in eithertypeof restoration.Glassionomercementsshould only be usedas internalbases.glassionomercementsare very durablein cervicalrestorationsandcompete with the composites.andfailureat the cervicalmarginas a result of microleakageis not alwayseasily detected. The sandwichtechniquehas beenmisappliedto this typeof restoration. ClassII restorations Directbondingof compositesto dentinin the posteriorrestorationis generallyregarded as the mostchallengingoperationby the clinician.cermetbased.Thesandwichtechniqueis only practicalin the deepercavityand shouldbe the first choicewherecariescontrolis a priorityfor the olderpatient. However.whichcan later be cut backand overlaidwith an acid-etchedcomposite.the bulk of the restorationwill determinethe amountof polymerizationshrinkageandsubsequentdistributionof stress.It is possiblethat the fluoridereleaseand betterabrasionresistanceof this materialmay havecontributedto this result.poorfinishingtechniquescan produceroughsurfacesthat stain.as describedpreviously. postoperativesensitivityis reduced.but esthetic considerationstake prioritywhenmoreextensivefacial areasare involved.as describedby McLeanandWilsonin 1977.so that the cementis extendedto the surfaceat the cervicalmargin.However.Attemptsto use glassionomercementas a base.mayresult in dissolutionof the cement. Unlessthe entirerestorationcan be bondedto peripheralenamel.An alternativeis to placea conventionalglassionomer restoration. evenwhenit extendedto the cervical margin.but againthe area of cervicaldentininvolvedwill influence the longevityof the restoration. and preservationof the originalgel surfaceshouldbe the clinician'sprime objective.a strongcasecan be madefor usinga glassionomerbase(conventional.Sclerosed dentinremainsthe greatestobstacleto obtaininggoodbondingwith dentinalbonding agents.particularlywherebondingto cervicaldentinis required.or resin-modified)to act as a biologicseal andoffer protectionto the surroundingtoothstructurethroughthe releaseof fluoride.Althoughthe compositerestorationmayexhibit superiorcolorin the earlyyears. ClassV cavitiesmayalso be restoredwith glassionomercements.Shallowcavitiesare betterrestoredwith direct dentinbondedcomposites.and no secondarycarieswasdiagnosed.The glassionomerbasealsoavoidsthe risk of damageby acid etchingin the deepercavity. .in a recent3-year clinical studycomparing direct compositeinlayswith conventionalrestorations.and bulk shrinkageof the compositerestorationis lessened. the standardglassionomercementscan maintaingreatercolorstabilitybecauseof their chemicalstability. Providedthat this goal is achieved.He or she has to contendnot only with moisturecontrolbut alsowith dentinalsurfacesthat are not as receptiveto hybridization.In addition.Wassellet al observedthat there wasno evidenceof dissolutionof a cermetbase.andthe small-particleor microfilledcompositesare superior.

theypossesssomecariostatic properties. despitecurrentattemptsto ban amalgamalloyrestorations.and neithersystemhas a monopolyon clinicalsuccess. and postoperativesensitivityis reducedparticularlywherestrongeracid etchingis employedor faultsin the dentinalbondingtechniqueoccur.andretentionof surface polishwherelargeareasof facial enamelare involved. andtheseetchantsfacilitatethe formationof a hybridlayer.the publicmust be madeawareof thesedeficiencies. Judgmentson the meritsof usingglassionomercementbasesor resindentinal bondingagentsthat are basedon short-termin vitro testingon extractedteeth are . Wearin the contactareaalso remainsa problem. becauseof their ability to leachfluoride.The imperfectionsof the largemesioocclusodistalcompositerestorationare well known.Governmenthealthdepartments shouldbe warnedthat compulsoryreplacementof amalgamalloyrestorationswith toothcoloredmaterialscouldprovean expensiveexercisein publichealthcare.havebetter cavity-sealingpropertiesand resistanceto microleakageover longperiods.becauseocclusalcontactis generallyconfirmedto the toothenameland the restorationis to someextentprotected. to preventdamageto the pulpin the deepercavity. In highstressbearingareasor whenthin sectionsof materialare required.becauseof their ability to renewbrokenbonds.It is importantto recognizethe optimalpropertiesof eachmaterialwhenit is beingselectedfor clinical use.and in areaslackinga high percentageof intertubulardentin.Theyare particularlysuitedto the restorationof erosion/abrasionlesions and as dentinalsubstituteswhenresin compositeor otherrestorationsare placedand longtermresistanceto rnicroleakageis a priority. Dentinalbondingagentshavebeenfirmlyestablishedfor bondinganteriorresin composites.The modernhybridand microfilledcompositesare superiorin esthetics. suchas maleicacid.despiteimprovementsin the chemistryand particle-size distributionof the fillers. Thesuccessof dentinal bondingis still dependenton the morphologyof the dentin.glassionomercementslack strengthandare easilydamagedduringfunctionor by early finishingproceduresand contaminationwith moisture.whereocclusalstabilityis so vital.strength.Compositescan providegoodservicein small ClassI and ClassII preparationswith minimaldirect stress. However.inlays.In addition.porcelainveneers.and somemetal restorationsto toothstructure.Moderntechniquesare employing weakeracids. Their excellentclinicalperformance has considerableclinicalandscientificbackingif confinedto lowstressbearingareas. the hydrolyticstabilityof the filler-matrixinterfacestill remainsquestionableand mayresult in loss of material in functionalocclusion. problemscan arise. Summary Dentinalbondingagentsand glassionomercementshavea usefulrole in adhesive dentistry.and. Glassionomercements. Theypossesshigherbondstrengthsthando glassionomercementsbut requiregreater attentionto the preparationof surfacesfor bonding.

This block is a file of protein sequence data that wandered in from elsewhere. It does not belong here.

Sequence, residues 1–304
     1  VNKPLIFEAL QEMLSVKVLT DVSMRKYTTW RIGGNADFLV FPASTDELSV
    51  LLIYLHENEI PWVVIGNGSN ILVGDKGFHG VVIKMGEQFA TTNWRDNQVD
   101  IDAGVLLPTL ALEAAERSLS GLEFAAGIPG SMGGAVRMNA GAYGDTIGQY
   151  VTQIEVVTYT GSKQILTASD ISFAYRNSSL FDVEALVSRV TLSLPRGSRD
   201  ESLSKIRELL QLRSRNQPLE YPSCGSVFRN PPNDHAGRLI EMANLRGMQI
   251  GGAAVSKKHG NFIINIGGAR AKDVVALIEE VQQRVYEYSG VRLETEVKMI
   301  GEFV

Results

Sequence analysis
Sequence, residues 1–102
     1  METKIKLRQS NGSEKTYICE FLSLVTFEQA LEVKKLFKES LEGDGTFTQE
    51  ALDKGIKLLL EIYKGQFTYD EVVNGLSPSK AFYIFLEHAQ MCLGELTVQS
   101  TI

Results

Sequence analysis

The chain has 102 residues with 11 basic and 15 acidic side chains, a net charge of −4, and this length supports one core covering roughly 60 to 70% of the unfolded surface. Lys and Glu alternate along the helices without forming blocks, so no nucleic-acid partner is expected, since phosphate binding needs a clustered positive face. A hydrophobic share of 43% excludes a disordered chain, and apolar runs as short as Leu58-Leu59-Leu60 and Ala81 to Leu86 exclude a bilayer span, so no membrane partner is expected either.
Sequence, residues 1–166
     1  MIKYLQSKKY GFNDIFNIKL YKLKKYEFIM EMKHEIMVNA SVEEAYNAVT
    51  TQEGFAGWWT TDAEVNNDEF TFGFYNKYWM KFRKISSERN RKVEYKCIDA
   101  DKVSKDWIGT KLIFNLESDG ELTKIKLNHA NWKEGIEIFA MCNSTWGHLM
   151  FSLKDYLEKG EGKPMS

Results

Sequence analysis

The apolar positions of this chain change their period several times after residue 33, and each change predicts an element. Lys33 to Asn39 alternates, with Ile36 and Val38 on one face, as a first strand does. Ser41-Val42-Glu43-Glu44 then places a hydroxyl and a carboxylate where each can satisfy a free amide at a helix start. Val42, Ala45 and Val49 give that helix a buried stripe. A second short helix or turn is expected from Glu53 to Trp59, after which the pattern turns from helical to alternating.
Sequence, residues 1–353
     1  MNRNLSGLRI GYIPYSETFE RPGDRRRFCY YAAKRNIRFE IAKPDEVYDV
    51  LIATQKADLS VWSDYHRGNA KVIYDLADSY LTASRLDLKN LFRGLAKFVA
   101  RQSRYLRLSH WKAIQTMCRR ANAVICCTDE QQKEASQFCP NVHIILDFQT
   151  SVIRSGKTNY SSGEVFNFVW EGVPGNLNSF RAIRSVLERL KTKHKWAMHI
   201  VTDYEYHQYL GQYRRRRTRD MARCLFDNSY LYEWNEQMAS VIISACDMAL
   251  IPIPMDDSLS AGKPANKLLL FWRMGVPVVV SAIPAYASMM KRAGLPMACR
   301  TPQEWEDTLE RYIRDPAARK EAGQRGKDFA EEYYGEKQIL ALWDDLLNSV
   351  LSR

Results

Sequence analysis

1961.Indiana:OwenLitho. 50-61. WilemanW. FortinD. BurkeFJT. Insert) :2. 10. 2. 5. Bondingof restorativematerialsto dentine:Thepresentstatusin the UnitedStates.17:209215. McCaugheyAD: Thefour generationsof dentinbonding. BrudevoldF. BowenRL. McLeanJW.Stepby stepprocedures. Alterationsin the stainingreactionsof dentinresultingfrom a constituentof a newself-polymerizingresing.Newsletter. Proceedingsof a workshop.and thermalexpansionsimilarto that of toothstructure. KramerIRH.AMJ Dent 8:8892. 8. ClinicalResearchAssociates. BarkmeierWW.Int Dent J 1985. CaustonBE.Suppl5. Improvedbondingof compositerestorativeto dentine. Microleakageof newdentinbondingsystems. JohnsonGH.Shearbondstrengthsof six currentgeneration dentinadhesivesystems. PhillipsRW.35: 155-159. 9.15 (12. Swift EJ.A reviewof current productsand techniquesJ Am Dent Assoc1991.J Dent1989.73:199(Abst777). 3.122: 34-41. negligiblesettingshrinkage.35:846851.Oper Dent 1992.Br DentJ 1952. Swift EJ.Spencer.RygeG.Clinicalstatusof dentinebondingagents.Longtermclinical trials are still neededto establishthe veracityof this testing.Dentingbonding.J Dent Res 1956. Longtermstabilityat the enameldentininterfacecan only be achievedwith restorative materialsthat havetheseproperties.92:150153.BR Dent J 1984. Adhesiverestorativedentalmaterials. 7. DouglasWH. 4. PowellLV. A reporton a resincapableof bondingto humandentinsurfaces. Dentinbondingsystems. TrioloPT.contradictory. 1991. GordonGE. 6. VargasMA. .156:9395. Futureresearchon dentinalbondingagentsemployingglassionomertechnologycould providesomechemicalbondingas well as materialswith increasedfracturetoughness. BuonocoreM. REFERENCES 1. 11.J Dent Res 1994.